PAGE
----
Fair winds of change at Cultural Council

By Susan D. Brandenburg
Resident Community News

When it comes to powerful Jacksonville advocates of the arts and culture, two names rise to the top repeatedly: Robert Arleigh White and Tony Allegretti. Each of these men is an icon of the arts community, each having taken major leadership roles in promoting and enhancing creativity on the First Coast. So, with Tony Allegretti now the new Executive Director of the Cultural Council of Greater Jacksonville, following a 13-year stint of outstanding leadership of the Council by Robert Arleigh White (2000 to 2013), it is a win-win scenario for all concerned.

Allegretti

Allegretti

White

White

“The conditions are brilliant,” commented Allegretti as to his May 1, 2014 transition into the leadership role at the Cultural Council. “I’m so lucky to come on at this time and I want to keep and expand upon the excellent work Bob and his staff have done as grant-makers. The Council’s investments in the 20-plus art institutions in this city have garnered such a good return that I’m going to continue working closely with those institutions in addition to building new programs.”

Among the new programs mentioned by Allegretti are the SPARK District, The Looking Lab, Jacksonville Songwriters Residency, Swamp Radio and a new sculpture installation in the Main Street Park coming in September. And, just as their devotion to the City of Jacksonville and the arts and culture of Northeast Florida have created parallel paths in the past, Allegretti and White will continue working in many of the same arenas going forward.

Parallel paths past and present

For example, White has been a segment producer, writer and performer with Swamp Radio since its first live performance in July of 2013.

“Swamp Radio is a podcast that can be heard from time to time on WJCT,” explained White. “It is akin to a Prairie Home Companion, but instead of focusing on a fictional place, it is about Northeast Florida. White notes that Swamp Radio creator Ian Mairs is most generous and regularly features local talent such as storyteller Derek Coughlin, musicians Grandpa’s Cough Medicine, historian Emily Lisska, the Willow Waks (a young couple from St. Augustine), and more.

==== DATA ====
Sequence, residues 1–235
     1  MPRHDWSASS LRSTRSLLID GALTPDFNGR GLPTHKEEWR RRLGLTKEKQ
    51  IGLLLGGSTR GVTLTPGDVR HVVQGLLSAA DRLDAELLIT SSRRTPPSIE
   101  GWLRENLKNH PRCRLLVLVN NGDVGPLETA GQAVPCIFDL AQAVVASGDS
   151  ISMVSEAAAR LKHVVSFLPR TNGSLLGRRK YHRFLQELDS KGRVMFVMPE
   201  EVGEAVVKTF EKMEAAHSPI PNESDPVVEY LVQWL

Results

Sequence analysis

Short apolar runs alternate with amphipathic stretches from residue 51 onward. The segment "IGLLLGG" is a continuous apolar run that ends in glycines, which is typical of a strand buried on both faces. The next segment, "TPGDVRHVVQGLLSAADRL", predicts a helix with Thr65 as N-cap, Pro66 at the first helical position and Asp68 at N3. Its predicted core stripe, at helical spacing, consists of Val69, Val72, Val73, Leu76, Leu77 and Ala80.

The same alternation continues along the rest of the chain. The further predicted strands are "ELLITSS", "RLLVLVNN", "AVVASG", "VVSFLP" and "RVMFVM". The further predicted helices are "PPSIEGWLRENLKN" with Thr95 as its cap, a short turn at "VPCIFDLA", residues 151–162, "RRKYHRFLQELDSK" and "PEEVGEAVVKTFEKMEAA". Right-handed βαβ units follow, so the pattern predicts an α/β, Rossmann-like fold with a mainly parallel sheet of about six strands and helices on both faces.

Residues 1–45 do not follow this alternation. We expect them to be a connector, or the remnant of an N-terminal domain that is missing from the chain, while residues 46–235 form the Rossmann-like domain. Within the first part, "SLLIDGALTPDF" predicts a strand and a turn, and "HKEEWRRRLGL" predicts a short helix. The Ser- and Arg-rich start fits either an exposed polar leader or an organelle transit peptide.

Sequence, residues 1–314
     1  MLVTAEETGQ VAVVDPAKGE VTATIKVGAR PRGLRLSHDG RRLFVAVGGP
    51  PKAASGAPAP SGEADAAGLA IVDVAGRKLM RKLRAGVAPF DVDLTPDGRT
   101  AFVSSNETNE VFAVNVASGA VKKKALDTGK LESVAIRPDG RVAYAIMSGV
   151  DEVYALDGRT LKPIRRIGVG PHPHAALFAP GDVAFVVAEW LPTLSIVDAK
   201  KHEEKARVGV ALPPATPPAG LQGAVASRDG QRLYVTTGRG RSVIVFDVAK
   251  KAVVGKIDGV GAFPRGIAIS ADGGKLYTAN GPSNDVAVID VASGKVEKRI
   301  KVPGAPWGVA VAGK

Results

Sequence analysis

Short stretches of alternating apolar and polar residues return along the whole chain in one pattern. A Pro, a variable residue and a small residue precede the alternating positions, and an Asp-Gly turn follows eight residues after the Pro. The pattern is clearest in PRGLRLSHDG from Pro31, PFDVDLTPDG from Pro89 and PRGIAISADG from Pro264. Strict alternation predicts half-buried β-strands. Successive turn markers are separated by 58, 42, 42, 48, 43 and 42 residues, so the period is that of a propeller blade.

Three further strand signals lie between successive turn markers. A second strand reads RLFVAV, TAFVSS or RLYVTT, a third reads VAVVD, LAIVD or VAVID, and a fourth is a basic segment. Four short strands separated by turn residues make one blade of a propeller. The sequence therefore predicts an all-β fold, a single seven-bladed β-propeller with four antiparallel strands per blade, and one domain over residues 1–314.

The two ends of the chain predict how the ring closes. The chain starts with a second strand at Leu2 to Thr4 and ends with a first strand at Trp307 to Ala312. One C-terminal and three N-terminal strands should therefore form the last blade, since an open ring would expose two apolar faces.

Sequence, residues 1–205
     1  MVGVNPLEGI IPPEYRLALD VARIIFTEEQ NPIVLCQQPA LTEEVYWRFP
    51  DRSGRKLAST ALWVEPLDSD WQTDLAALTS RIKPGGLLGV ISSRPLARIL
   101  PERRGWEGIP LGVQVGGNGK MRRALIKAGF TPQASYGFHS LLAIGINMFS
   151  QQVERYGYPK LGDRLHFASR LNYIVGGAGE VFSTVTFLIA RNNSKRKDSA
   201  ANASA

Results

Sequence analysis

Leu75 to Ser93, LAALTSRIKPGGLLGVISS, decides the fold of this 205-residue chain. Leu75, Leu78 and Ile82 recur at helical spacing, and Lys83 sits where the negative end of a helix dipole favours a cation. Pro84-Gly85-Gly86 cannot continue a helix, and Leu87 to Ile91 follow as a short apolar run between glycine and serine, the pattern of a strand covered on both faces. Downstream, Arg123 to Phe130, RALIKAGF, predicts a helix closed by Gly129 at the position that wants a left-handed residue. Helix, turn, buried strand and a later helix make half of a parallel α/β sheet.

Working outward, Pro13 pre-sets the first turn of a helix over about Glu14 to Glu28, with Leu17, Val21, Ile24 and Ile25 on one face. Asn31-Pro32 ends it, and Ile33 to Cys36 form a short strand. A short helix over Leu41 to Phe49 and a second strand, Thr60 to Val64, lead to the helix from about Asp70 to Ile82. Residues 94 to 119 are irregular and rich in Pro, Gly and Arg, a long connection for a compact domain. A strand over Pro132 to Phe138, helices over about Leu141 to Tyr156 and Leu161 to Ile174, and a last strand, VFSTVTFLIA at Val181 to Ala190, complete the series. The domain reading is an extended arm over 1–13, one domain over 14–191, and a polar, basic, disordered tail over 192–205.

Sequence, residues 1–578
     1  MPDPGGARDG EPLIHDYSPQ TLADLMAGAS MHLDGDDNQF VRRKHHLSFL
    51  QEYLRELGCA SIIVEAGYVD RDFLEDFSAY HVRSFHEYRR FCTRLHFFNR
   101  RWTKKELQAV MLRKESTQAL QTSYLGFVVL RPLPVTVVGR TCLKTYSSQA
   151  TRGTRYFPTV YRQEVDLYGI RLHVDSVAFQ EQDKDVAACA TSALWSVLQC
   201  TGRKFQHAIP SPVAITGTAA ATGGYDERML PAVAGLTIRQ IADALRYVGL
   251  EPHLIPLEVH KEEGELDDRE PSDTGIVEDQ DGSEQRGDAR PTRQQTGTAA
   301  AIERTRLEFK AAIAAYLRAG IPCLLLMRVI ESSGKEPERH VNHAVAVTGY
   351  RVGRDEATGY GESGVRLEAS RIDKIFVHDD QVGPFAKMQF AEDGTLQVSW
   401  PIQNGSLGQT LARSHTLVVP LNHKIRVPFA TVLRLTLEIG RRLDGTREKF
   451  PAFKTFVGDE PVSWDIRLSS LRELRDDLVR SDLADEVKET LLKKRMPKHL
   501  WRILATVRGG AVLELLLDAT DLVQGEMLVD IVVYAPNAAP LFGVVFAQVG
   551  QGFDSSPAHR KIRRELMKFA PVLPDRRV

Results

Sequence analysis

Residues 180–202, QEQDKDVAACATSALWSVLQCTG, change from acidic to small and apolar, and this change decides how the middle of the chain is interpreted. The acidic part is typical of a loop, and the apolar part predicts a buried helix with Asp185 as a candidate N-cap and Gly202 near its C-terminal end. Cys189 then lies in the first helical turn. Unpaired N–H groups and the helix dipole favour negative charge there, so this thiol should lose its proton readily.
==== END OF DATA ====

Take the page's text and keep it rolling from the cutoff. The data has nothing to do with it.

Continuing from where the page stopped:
White and long-time collaborator Charlotte Mabry (principal percussionist with the JSO) recently participated in a performance for Swamp Radio podcasts at the Florida Theater. White and Mabry have also performed at the Lazarra Hall at UNF, the Museum of Contemporary Art, and the University of Florida at Gainesville.

Another parallel between the current and former Executive Directors of the Cultural Council of Greater Jacksonville is their connection with Theatre Jacksonville; White having served as executive and artistic director for 10 years and Allegretti serving as marketing director thereafter for several years. During White’s years at Theatre Jacksonville, he was directly responsible for the artistic direction of 50 plays and worked to produce dozens more, increasing annual attendance from 16,000 to 84,000.

As head of the Cultural Council, White advanced the success of arts organizations in Northeast Florida through vigorous advocacy at local, state and national levels. Under his leadership, the Council maintained funding for dozens of partner organizations during one of the nation’s most challenging economic downturns. In addition to promoting myriad arts initiatives, and being actively involved in Leadership Jacksonville, White, with the help of his staff, created a first-ever “economic impact statement” for arts and culture which is now emulated by arts organizations throughout the state.